Real Clear Energy Charticles

Energy Charts Interpretated and Analyzed by RCEnergy

American Oil Production Grew Fastest in History

This chart shows that American oil production grew at the fastest rate in history over the past three years - about 1 million barrels per day. It also suggests why we ended up in an oil price collapse – oil production just grew too fast. So is it likely that production will increase by another 1 million barrels a day this year? Not at all. Still, the increases of the last three years...

Solar and Natural Gas Top 2014 Grid Additions

Natural gas and solar were the leading additions to the nation’s electrical grid in 2014. Wind was in third place. Gas tapered off slightly from 46 to 42 percent and solar rose from 29 to 32 percent. Wind took a big jump to 23 percent after falling from 41 to 7 percent in 2013. Remember, all these figures are percentages and do not reflect the absolute numbers. There were fewer...

Ethanol Exports Back to 2nd Highest Level Ever

U.S. ethanol exports climbed back to their second highest level in history last year. 2011 still remains the biggest year ever for ethanol exports. Canada, Brazil, the United Arab Emirates and the Phillipines remained the prime targets. All these countries will be using it as an octane booster for gasoline fuel. Canada and Brazil also have quotas for using ethanol in gasoline. The total was...

New England Tops Regional Electricity Prices

Except for the non-contiguous Pacific states (Alaska and Hawaii), New England tops the rest of the country in electrical prices. New Englanders pay 16.22 cents per kilowatt-hour (kWh) as opposed to a national average of 12.12 per kWh. Alaska and Hawaii pay 28.50 cents/kWh but they are exceptional in that their fuel has to be transported over great distances. New England has driven up its...

States With Lowest Electric Prices

Yesterday we featured the ten states with the highest electricity prices. Today we have the ten states with the lowest. The Pacific Northwest, Washington and Oregon, dominate while the rest of the states are in the southeast and the middle of the country. Most of these states rely on coal and nuclear with a smattering of hydro here and there. The Tennessee Valley Authority has a lot to do with...

New England and Northeast Pay Highest Electrical Prices

Hawaii, New York and Alaska lead the nation in the price of electricity but New England dominates the entire upper echelon. Hawaii and Alaska are expensive, of course, because they are remote and need to import almost everything. Hawaii, for example, must get all its coal and natural gas by tanker. New York is expensive because everything in New York is expensive – high taxes. But the...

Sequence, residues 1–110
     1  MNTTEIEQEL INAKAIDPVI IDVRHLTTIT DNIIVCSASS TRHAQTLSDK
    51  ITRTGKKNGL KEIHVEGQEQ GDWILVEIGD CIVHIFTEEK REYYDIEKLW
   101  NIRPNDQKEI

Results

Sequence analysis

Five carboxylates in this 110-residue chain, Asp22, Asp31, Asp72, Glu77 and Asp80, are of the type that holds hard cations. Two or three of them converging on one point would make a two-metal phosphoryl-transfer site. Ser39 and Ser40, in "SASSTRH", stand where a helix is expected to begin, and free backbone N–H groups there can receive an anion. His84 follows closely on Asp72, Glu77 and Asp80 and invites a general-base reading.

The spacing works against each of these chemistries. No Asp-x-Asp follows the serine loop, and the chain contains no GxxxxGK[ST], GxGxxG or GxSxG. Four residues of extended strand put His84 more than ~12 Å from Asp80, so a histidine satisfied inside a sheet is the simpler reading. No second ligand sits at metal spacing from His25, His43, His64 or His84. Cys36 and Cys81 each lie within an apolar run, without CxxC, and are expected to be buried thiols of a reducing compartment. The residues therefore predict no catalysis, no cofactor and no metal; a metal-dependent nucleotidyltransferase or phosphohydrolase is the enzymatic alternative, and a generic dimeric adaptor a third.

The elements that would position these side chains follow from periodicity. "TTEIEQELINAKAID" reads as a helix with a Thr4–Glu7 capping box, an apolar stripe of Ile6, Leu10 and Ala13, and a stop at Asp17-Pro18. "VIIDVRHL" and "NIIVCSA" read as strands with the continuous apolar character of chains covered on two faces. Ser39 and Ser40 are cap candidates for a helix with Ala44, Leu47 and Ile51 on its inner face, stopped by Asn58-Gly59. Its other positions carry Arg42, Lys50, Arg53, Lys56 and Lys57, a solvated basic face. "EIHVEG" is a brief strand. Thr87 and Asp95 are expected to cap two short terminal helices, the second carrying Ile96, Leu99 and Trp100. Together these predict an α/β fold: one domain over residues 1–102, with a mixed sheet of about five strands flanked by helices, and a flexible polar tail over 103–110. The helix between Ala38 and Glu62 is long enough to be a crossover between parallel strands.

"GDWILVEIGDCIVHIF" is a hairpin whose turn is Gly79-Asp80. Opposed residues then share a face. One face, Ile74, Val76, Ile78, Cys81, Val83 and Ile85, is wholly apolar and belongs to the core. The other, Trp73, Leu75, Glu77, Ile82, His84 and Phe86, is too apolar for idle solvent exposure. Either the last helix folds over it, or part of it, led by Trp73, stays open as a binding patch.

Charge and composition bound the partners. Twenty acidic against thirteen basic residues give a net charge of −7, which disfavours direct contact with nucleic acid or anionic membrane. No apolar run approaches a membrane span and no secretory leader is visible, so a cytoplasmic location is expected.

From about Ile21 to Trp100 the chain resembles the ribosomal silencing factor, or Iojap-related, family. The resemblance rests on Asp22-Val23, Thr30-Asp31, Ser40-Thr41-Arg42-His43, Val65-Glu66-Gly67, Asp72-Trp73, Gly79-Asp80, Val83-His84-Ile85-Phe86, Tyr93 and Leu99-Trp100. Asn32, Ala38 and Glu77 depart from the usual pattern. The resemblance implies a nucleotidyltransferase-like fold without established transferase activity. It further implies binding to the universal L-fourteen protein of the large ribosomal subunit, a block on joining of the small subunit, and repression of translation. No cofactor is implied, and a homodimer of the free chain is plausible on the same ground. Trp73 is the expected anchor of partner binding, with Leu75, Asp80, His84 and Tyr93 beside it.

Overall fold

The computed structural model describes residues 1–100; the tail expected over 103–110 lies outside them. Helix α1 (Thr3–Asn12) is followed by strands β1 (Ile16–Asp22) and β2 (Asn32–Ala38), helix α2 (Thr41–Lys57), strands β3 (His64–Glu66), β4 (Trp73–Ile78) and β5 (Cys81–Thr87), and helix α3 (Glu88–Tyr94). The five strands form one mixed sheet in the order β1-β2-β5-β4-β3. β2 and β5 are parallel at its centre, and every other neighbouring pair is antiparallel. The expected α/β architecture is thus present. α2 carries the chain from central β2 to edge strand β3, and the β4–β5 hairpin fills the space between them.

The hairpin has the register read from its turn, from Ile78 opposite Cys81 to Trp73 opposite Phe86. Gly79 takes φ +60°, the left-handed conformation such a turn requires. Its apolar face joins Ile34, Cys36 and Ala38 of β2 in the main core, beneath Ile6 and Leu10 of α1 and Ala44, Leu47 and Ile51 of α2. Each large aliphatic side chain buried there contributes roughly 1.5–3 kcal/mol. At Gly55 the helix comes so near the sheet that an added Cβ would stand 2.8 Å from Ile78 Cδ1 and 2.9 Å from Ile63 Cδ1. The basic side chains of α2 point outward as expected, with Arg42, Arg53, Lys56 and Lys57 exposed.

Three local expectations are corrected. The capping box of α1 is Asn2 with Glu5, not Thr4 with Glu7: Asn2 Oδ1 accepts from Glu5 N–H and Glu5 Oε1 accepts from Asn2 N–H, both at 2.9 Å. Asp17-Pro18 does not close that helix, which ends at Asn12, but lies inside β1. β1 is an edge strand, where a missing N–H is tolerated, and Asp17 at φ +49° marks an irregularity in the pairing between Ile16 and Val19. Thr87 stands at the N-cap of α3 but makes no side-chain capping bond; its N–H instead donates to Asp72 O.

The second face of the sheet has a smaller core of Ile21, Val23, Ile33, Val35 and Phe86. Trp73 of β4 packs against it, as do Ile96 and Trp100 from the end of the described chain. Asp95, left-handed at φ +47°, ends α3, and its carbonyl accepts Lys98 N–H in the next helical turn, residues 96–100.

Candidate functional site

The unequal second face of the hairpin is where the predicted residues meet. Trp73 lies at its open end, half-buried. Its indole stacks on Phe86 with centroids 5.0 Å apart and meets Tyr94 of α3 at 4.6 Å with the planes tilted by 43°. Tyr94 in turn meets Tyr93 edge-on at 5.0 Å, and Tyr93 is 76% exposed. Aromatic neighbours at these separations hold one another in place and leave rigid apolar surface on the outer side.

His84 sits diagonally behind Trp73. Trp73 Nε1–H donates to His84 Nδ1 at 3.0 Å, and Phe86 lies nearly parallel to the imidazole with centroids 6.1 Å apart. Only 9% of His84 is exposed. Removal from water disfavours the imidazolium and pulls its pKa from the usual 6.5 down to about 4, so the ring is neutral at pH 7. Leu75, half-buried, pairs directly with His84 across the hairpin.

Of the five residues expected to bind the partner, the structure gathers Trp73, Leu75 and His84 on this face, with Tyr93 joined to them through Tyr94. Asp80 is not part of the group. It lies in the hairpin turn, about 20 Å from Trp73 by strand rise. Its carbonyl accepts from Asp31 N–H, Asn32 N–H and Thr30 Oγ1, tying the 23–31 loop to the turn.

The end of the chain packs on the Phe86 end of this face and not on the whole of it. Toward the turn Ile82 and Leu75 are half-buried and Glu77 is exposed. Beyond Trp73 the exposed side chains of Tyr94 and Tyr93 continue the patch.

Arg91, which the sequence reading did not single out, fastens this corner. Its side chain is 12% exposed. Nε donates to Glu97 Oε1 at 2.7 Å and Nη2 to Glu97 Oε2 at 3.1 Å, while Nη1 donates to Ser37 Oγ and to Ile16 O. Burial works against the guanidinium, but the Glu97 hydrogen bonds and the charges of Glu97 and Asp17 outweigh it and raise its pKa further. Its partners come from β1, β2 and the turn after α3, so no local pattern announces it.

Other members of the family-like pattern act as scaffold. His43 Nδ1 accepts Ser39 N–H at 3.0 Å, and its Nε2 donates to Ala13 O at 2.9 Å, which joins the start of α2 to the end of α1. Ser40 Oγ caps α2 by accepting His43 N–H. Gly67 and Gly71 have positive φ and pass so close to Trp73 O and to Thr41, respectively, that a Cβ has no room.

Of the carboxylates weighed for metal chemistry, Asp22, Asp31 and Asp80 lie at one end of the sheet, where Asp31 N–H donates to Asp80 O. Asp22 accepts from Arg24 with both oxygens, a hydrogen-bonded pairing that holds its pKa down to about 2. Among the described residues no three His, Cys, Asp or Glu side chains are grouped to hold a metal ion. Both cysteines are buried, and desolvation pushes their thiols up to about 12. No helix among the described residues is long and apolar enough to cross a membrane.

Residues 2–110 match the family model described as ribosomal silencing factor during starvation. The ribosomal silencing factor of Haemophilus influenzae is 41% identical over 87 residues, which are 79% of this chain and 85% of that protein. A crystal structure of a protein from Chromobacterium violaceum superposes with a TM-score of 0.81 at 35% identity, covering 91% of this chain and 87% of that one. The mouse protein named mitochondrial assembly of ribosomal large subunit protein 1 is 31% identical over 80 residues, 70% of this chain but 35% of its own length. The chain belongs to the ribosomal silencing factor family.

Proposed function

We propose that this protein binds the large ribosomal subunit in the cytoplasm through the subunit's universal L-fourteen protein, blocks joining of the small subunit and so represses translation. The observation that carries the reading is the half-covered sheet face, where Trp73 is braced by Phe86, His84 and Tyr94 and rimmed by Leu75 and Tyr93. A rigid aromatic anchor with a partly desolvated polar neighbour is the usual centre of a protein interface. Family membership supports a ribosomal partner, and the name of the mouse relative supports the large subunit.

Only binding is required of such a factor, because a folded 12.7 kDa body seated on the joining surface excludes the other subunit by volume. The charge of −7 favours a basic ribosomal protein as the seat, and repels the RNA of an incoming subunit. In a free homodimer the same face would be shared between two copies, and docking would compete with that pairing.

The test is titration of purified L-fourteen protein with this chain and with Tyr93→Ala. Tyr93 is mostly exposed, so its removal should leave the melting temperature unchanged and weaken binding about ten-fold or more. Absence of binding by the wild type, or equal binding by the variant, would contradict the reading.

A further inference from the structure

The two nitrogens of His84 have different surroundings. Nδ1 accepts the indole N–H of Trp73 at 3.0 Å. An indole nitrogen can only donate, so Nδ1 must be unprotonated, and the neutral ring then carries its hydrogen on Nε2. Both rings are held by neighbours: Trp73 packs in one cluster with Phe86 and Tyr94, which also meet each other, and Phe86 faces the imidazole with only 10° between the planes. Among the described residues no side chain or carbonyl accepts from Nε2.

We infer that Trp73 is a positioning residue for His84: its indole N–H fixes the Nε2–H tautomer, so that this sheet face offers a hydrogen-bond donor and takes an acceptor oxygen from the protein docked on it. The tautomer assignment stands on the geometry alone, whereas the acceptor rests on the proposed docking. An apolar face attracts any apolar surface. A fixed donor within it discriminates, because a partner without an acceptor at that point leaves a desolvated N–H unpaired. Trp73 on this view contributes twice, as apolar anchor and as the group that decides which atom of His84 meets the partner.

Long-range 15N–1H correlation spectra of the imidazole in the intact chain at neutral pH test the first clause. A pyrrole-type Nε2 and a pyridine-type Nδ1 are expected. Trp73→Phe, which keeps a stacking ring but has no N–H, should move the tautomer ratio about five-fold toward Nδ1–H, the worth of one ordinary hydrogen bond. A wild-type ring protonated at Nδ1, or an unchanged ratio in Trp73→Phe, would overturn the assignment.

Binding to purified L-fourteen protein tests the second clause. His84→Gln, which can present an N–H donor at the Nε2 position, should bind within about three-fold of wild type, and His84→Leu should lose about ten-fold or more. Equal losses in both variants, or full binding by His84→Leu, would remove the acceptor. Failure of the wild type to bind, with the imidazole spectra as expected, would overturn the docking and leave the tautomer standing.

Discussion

Wind and Solar Now Top Subsidies

Solar subsidies have increased markedly since 2010 so that they are now the second most common form of subsidies. Wind was third with $5.5 billion in 2010 but has since moved to the top with $6 billion. The figures compiled by Watchdog.org show the amount of government subsidies for all the major fuels in 2010 and 2013. Fossil fuels now rank third but have declined somewhat. Conservation and...

Crude Inventories Provide Most Days' Supply Since 1985

The production of oil from fracking tight formations has produced the biggest day’s supply of crude oil since the glut of 1985. The day’s supply is calculated by dividing the supply of crude by the oil refineries’ throughput. So slowing activity at refineries can drive up the day’s supply figure as well. Crude inventories are piling up although, as Tuesday’s...

GHG Output of Various Oil Fields in Burning and Transport

The above chart prepared by Climate Central shows the greenhouse gas emissions of 30 major oil fields around the world, both for combustion and for transportation. As can be seen, oil from these fields differs very little except for three fields – two in Canada and one in Venezuela – which produce over 500 kg per barrel of oil as opposed to an average of about 450 kg/bbl for all the...

Nuclear and Coal Are Cheap - Not Counting Construction Costs

The World Economic Forum present the above graph as proof that nuclear and coal remain the cheapest ways of producing electricity. But the graph only includes PRODUCTION costs, meaning operating and maintenance and fuel costs. In this way, oil is by far the most expensive because of oil’s traditionally high price. But once construction costs are added in, nuclear becomes expensive on a...

Recent Charticles

Real Clear Energy Videos

Real Clear Energy Archives